Jessa Crispin at Bookslut has this complaint:
Can someone write a book about science without the snobby bullshit included? I would be much more willing to finish reading The Canon if Natalie Angier had not kept including constant swipes at people who believe in god, the superstitious, and people who read fortune cookies. I’ve always believed that the best way to convince someone they’re wrong is to call them an idiot.
I agree that you’re not going to win people over by calling them idiots.
Even though I’m not sure what else to call people who actually believe what cookies tell them… well, I can think of some words, but “idiot” might be the nicer way of putting it.
Richard Dawkins made slight jabs at religion and pseudoscience in his science books, too, but I never heard complaints about it. It seemed to go hand in hand with what he was talking about. Science is all about evidence and proof and logic. God, superstitious beliefs, and fortune cookies fly in the face of all that.
I’m not sure what Angier’s context was, but if she said that belief in God is not based on any scientific evidence (and as a result, in her opinion, we should not put faith in God as we would put faith in other things), there shouldn’t be a problem with that. That statement would fit perfectly well in a book about science.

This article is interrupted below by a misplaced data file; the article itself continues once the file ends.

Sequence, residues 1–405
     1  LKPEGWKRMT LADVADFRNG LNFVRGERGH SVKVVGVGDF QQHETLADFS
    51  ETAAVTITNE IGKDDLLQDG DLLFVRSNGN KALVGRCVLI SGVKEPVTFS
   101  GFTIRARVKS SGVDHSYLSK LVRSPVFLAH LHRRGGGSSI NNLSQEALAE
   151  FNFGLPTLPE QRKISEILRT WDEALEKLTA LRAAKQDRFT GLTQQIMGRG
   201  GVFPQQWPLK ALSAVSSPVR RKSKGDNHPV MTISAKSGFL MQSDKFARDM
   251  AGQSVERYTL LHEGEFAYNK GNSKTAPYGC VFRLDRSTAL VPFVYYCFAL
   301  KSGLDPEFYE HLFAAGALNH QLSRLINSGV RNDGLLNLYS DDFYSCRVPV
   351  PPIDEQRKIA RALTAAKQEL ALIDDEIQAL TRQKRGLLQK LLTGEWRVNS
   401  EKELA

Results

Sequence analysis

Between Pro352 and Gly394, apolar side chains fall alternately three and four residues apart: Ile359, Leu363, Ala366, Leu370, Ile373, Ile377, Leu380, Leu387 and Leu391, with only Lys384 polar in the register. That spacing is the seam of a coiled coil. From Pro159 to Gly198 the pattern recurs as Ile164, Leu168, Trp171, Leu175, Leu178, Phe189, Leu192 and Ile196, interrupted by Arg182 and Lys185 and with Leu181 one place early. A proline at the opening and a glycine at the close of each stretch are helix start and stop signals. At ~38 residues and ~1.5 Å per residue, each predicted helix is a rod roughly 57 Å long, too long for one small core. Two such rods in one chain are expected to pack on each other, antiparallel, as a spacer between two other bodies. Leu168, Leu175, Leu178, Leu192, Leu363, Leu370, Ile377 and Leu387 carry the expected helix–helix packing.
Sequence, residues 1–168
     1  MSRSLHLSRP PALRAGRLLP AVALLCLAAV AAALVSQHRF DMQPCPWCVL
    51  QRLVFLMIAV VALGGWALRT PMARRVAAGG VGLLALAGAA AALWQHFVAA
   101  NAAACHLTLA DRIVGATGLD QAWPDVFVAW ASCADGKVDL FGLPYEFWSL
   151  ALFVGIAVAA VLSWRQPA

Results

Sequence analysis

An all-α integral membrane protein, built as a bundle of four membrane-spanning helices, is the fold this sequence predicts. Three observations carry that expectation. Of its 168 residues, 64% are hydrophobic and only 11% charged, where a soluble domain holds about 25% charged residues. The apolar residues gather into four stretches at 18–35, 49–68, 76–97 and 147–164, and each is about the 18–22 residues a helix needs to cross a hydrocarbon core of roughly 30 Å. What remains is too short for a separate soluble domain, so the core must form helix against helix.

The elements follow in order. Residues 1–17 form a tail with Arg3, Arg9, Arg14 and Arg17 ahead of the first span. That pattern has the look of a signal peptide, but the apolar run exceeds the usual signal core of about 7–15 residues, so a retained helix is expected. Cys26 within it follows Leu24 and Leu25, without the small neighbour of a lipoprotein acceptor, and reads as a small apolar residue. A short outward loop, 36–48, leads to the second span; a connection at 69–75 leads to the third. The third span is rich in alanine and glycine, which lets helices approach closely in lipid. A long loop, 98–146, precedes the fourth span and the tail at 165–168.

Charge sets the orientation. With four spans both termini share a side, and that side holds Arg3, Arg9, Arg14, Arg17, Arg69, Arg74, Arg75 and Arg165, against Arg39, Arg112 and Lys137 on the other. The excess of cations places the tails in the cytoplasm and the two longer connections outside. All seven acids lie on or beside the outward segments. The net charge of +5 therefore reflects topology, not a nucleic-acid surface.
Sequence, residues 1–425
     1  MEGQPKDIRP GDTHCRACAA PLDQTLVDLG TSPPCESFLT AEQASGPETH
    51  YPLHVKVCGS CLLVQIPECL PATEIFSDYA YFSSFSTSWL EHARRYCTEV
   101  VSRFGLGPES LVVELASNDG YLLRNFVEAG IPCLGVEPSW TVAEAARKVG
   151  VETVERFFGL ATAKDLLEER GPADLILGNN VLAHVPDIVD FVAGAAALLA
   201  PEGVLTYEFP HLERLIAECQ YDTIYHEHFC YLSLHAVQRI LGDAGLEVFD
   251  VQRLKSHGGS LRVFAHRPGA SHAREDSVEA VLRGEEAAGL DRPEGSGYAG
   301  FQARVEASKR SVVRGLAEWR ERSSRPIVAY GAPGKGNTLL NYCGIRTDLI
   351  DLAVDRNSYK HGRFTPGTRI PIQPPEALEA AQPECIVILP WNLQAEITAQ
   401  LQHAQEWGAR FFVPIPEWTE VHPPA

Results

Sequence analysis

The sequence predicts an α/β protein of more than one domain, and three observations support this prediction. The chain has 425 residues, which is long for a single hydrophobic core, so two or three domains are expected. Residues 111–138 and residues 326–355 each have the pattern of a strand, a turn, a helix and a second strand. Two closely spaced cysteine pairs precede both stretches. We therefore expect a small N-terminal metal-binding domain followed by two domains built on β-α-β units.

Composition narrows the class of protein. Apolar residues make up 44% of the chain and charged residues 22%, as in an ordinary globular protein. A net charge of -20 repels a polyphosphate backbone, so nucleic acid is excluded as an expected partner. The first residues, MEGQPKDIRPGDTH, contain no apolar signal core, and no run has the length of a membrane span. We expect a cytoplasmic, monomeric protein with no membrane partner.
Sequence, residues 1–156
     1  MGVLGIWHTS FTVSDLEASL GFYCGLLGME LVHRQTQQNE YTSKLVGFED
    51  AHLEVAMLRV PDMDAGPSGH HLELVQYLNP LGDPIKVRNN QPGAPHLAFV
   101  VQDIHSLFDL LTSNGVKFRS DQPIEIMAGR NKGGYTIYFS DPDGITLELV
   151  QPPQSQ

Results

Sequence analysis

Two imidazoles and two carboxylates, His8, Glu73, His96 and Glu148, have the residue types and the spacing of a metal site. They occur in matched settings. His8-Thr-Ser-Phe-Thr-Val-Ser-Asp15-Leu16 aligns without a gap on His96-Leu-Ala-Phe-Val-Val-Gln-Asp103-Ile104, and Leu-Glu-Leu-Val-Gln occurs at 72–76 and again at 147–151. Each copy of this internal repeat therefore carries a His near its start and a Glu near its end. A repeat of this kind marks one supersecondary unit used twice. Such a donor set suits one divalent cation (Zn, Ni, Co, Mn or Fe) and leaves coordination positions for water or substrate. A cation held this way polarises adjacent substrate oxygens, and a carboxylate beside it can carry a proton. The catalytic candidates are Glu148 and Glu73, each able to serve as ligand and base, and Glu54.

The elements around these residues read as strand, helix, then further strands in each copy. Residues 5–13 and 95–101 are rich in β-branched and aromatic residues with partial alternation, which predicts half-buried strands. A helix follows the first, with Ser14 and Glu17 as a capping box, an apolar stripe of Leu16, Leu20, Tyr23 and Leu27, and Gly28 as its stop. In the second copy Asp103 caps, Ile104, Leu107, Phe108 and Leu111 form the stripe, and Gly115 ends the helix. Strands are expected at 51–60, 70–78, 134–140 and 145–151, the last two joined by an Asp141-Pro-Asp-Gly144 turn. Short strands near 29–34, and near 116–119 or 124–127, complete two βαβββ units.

If it was an unnecessary attack, then at least Crispin’s point could be argued.
Angier, incidentally, wrote a great piece a while back for the New York Times called “Confessions of a Lonely Atheist.” She knows how to write. Without reading the book, I’d find it hard to believe she would take superfluous swipes at religion.
[tags]atheist, atheism, Bible, God, superstition, The Canon, Natalie Angier, New York Times, Jessa Crispin, Bookslut, Richard Dawkins, Science[/tags]
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